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Ooh-ooh, that smell

Dedicated readers of this site might wonder why we are not commenting about the lameness of a political party that filibusters everything in the US Senate, used “the nuclear option” themselves to advance the most radical and extreme federal judges and political appointees from 2010 to 2015, but which now is screaming bloody murder that the other political party followed their lead, did exactly what they did with the Senate rules, and allowed a simple majority vote to confirm the next US Supreme Court justice (Gorsuch) yesterday.

Why would a normal, healthy person spend time on that issue? It is obviously quite insane. One political party is dominated by people with an agenda that does not fit in with America’s political model. Would you normal people please stop supporting the Democrat Party, until its leadership is replaced with normal, mainstream Americans?

Instead, this essay here takes a line from a Lynyrd Skynyrd song about drug abuse, “Oooh-ooh that smell.”

This is about a daily personal health issue that seems to be unknown and unaddressed, despite having a real effect on Americans across the country. If you care about your health, read on.

We Americans are so addicted to cheap Chinese junk (tools, food, clothing, furniture, shoes, tires) that we shop ever more in big box stores filled to the brim with that cheap Chinese junk.  Or buy from Amazon, which imports from China by the shipful.

And when you enter the doorway of these big box stores, you are confronted with an odd, sickly sweet smell associated with the vast majority of Chinese manufacturing: Formaldehyde.

Formaldehyde is used to pickle human remains for wakes and open casket funerals. It is used to stash scientific specimens in glass containers, so they will not rot, so they can be viewed and studied.

Formaldehyde is dangerous, toxic, and both acutely and chronically dangerous. And yet Americans work around hugely elevated amounts of formaldehyde in these ubiquitous big box stores, and Americans shop daily in these same places, all blissfully unaware that they are inhaling a significant amount of nasty chemical.

The formaldehyde you smell in the store is off-gassing from the consumer items sitting in cardboard boxes on the store shelves. This chemical permeates everything made in China, and there is so much of it that for years it keeps leaking out of the plastics, fabrics, and woods sent here, which we then put in our homes and garages as furniture and tools.

You are worried about ambient cigarette smoke? Cut us a break! Exposure to air-borne formaldehyde in these amounts is far worse for the human body, far riskier than the occasional cigarette, as is standing on a street corner in down town Manhattan, waiting for a street light to change, for that matter, because of all the ozone, particulates, and sulfur/ carbon dioxide/monoxide smog.

But nothing is being done about ambient formaldehyde risk, because it is associated with too much money and economic activity. And it is invisible, except to the nose.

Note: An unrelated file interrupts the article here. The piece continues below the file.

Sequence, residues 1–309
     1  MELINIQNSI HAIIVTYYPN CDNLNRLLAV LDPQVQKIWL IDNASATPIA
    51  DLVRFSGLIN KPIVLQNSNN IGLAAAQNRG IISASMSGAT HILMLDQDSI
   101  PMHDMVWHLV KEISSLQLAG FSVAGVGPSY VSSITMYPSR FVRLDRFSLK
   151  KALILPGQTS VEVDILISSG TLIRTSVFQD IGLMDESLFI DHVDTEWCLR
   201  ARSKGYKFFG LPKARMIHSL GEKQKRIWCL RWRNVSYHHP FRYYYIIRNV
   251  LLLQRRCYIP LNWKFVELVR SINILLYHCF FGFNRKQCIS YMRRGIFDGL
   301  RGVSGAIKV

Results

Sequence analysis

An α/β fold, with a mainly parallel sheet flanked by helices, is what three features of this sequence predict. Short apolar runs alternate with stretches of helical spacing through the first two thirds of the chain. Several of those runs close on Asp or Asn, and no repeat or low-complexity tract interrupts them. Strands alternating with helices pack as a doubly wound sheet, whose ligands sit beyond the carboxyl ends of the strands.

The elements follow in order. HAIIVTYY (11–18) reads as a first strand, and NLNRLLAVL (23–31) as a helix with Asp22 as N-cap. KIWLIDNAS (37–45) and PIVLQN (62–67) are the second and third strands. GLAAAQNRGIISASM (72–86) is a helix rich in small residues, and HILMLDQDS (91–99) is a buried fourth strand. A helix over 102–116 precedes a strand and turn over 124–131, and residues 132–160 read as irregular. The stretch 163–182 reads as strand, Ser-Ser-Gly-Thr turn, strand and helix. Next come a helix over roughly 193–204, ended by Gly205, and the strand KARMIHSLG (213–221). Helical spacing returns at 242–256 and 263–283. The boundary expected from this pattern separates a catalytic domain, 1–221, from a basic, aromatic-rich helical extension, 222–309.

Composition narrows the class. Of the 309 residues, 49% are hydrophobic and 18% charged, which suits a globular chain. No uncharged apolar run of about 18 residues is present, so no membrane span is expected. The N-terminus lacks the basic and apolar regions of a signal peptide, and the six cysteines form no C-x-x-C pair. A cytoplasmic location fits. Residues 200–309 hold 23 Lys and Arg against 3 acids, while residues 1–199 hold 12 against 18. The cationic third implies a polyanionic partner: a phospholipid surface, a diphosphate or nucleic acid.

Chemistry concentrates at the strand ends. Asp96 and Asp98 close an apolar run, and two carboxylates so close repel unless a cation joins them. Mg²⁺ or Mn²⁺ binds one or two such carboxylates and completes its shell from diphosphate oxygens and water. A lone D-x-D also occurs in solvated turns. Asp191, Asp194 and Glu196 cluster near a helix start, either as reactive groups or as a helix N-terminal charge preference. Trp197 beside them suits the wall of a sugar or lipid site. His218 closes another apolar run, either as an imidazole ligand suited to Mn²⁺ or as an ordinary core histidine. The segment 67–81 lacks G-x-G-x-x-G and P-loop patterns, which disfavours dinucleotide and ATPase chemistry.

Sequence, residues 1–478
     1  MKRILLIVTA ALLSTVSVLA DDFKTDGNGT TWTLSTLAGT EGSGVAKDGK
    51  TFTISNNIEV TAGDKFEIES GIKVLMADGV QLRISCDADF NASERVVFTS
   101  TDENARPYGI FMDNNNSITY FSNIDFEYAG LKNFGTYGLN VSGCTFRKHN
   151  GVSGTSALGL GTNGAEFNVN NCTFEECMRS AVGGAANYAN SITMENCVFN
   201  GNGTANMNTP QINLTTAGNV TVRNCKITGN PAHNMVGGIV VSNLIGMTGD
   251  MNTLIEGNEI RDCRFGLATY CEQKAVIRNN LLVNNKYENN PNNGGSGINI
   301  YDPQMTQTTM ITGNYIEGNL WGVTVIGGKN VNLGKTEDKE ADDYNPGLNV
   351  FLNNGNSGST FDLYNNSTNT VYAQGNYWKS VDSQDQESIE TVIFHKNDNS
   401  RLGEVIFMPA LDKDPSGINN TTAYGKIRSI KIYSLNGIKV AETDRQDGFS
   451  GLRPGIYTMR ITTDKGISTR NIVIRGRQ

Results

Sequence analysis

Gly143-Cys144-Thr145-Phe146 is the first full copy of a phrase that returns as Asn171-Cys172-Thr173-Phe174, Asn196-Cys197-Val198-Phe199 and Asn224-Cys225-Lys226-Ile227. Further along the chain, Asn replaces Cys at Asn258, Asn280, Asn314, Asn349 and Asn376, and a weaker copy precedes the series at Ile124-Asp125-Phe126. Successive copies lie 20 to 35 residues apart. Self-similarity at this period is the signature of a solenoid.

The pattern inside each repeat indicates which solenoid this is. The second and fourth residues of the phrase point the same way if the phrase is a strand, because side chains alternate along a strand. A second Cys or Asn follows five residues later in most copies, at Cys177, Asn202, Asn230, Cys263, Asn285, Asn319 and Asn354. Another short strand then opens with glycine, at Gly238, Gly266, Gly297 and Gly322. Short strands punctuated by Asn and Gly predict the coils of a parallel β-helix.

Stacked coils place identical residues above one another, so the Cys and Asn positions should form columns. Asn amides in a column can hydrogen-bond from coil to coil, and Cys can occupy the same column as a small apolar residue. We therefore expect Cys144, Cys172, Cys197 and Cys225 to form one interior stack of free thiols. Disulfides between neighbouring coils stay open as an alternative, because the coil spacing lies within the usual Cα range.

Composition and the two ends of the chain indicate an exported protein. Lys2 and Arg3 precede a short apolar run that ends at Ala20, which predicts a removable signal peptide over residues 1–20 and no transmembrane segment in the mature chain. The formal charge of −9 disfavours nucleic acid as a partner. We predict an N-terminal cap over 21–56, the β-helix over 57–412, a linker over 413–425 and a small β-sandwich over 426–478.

There are no sexy prohibitionist crusades about ambient formaldehyde like there is with tobacco use (an upcoming subject here).  And yet take a good whiff the next time you go to a big box store. That weird sickly sweet smell is formaldehyde. Your lungs are getting a free embalming when you enter.

Note: If we bought American products, made in USA facilities where formaldehyde is not allowed to be used, then we would not be exposed to it when we went shopping. But we are like drug addicts, addicted to cheap Chinese junk, to our own detriment.

Tobacco is … Satisfying

Smoking a Romeo & Julieta cigar from my friend Irv K feels good. In celebration of the New Year.
My brother sent a Padron that hit the spot.
Conventional wisdom says “tobacco is bad,” but that doesn’t account for frequency, relaxation, happiness. Once a month? C’mon. There’s no real health issue there.

Remembering neat people, Part 1

A lot of neat, interesting people have died in the past year or two, or ten, if I think about it, but time flies faster than we can catch it or even snatch special moments from it. People I either knew or admired from afar who changed me in some way.

There are two men who influenced me in small but substantial ways who I have been thinking about in recent days. One of them died exactly ten years ago, and the other died just last year. Funny how I keep thinking about them.

It is time to honor them as best I can, in words.

First one was Charlie Haffner, a grizzled mountain man from central Tennessee. Charlie and I first crossed paths in 1989, when I joined the Owl Hollow Shooting Club about 45 minutes south of Nashville, where I was a graduate student at the time.

Charlie owned that shooting club.

Back before GPS, internet, or cell phones, the world was a different place than today. Dinosaurs were probably wandering around among us then, mmm hmmmmm. Heck, maybe I am a dinosaur. Anyhow, in order to find my way to the Owl Hollow club, first and foremost I had to get the club’s phone number, which I obtained from a fly fishing shop on West End Avenue. Then I had to call Charlie for directions, using a l-a-n-d l-i-n-e, and actually speaking to a person at the other end. You’d think it was Morse Code by today’s standards.

After getting Charlie on the phone, and assiduously writing down his directions from our phone conversation, I had to use the best map I could get and then drive way out in the Tennessee countryside on gravel and dirt roads. Trusting my directional instincts, which are good, and trusting the maps, which were pretty bad, and using Charlie’s directions, which were exactingly precise, I made my way through an alien landscape of small tobacco farms and Confederate flags waving from flagpoles. Yes, southcentral Tennessee back then, and maybe even today, was still living in 1865. Not an American flag to be seen out there by itself. If one appeared, it was either directly above, or, more commonly, directly below the Confederate flag. The Confederate flag shared equal or nearly equal footing with the American flag throughout that region.